“Considering the surface area we installed underfloor heating downstairs, radiators upstairs, and a gas boiler, with solar panels for hot water to comply with the renewables requirement of the Building Regulations.” Their house is twice the size as their previous one yet they spend half in fuel bills and keep the home at a steady 20degC. “The underfloor heating is zoned, we can control the living areas and the bedrooms separately. We have a setting for the hot water too,” says Sheila. “If I were to change one thing it’s to upgrade the thermostats – they’re a bit fiddly, for instance you have to change the time for daylight savings, it’s not done automatically.”

‘Rumour has it these terraced homes belonged to factory workers who made the carpets for the Titanic.’

There wasn’t enough room in the attic for a gravity fed system so a pump was installed, which has the benefit of providing good water pressure. “We provided as much detail as possible in the specification and I think that really saved us, our architect was very thorough and didn’t leave any stone unturned, and our builder delivered. Nothing came up during the construction that wasn’t in the original tender,” adds Brendan. “The main consideration in terms of cost was the high water table, so the drainage design took a bit of working out.

We put in a Sustainable Urban Drainage System (SUDS), a lot of work went into this aspect and it was all included in the tender price.” “Thankfully the weather that year was unusually clement; it didn’t rain all summer. With our drainage issues, if the conditions had not been favourable it could have been very messy as we found fresh water springs at the back door.”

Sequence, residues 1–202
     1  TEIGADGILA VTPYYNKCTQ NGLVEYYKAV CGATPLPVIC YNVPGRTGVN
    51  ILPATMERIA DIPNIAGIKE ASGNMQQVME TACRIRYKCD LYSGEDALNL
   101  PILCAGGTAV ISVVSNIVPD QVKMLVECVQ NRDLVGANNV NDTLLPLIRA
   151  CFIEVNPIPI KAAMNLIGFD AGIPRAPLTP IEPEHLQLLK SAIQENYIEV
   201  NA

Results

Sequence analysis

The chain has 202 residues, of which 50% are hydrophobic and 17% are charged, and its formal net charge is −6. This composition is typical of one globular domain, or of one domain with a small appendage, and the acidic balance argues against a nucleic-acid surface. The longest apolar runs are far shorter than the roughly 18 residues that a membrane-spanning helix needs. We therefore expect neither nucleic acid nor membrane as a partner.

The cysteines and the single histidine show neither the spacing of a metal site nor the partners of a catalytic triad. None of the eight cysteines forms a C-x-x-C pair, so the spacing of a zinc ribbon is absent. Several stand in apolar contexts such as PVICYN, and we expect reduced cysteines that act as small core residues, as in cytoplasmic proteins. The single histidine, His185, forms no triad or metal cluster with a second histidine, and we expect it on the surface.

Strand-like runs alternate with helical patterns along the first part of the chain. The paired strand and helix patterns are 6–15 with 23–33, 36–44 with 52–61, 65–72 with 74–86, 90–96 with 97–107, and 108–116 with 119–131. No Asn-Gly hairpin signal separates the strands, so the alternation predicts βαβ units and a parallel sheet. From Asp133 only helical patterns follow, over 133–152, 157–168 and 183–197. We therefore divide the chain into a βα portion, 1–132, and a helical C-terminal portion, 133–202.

Outdoor connection

A strong connection to the history and the surroundings was a key aspect of this project, with the budget dictating some of the solutions. “To replace the original slates would have been too expensive, so we went with replica concrete slates, which I think work well,” comments Brendan. “At the courtyard between the new and old we’d chosen zinc but the cost was prohibitive so we used a proprietary membrane instead that looks like zinc. It was important to have a nice finish as the two bedrooms upstairs have windows looking onto it.”

Then of course there is the stream at the front which sets the scene. “When we bought the house, the garden was completely overgrown, so we basically flattened it out and seeded a lawn,” adds Brendan. “There’s a chestnut tree in the middle we debated getting rid of. Instead we cut it back and added shrubs around it. We always liked the tree there.”

As with all home projects, there’s still plenty to do. “We have recessed areas along the hall ready for shelving and we’ve yet to get a mantelpiece for the living room,” considers Brendan. “It’s a work in progress, and we’re enjoying putting our touches to the finishes.”

“Self-building is a bit like a marathon, in the middle of it you tell yourself ‘never again’ but at the end you feel great.”

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Written by Astrid Madsen

Astrid Madsen is the editor of SelfBuild & Improve Your Home magazine. She previously held the same role in an Irish trade publication, before that she worked at the National Standards Authority of Ireland. She graduated with a BA in Urban Studies from Columbia University in New York and holds an MBA from the Instituto de Estudios Bursatiles in Madrid. France of origin, she now lives in Portarlington, County Laois, where she's taken on the task of renovating a listed building! Email astrid.madsen@selfbuild.ie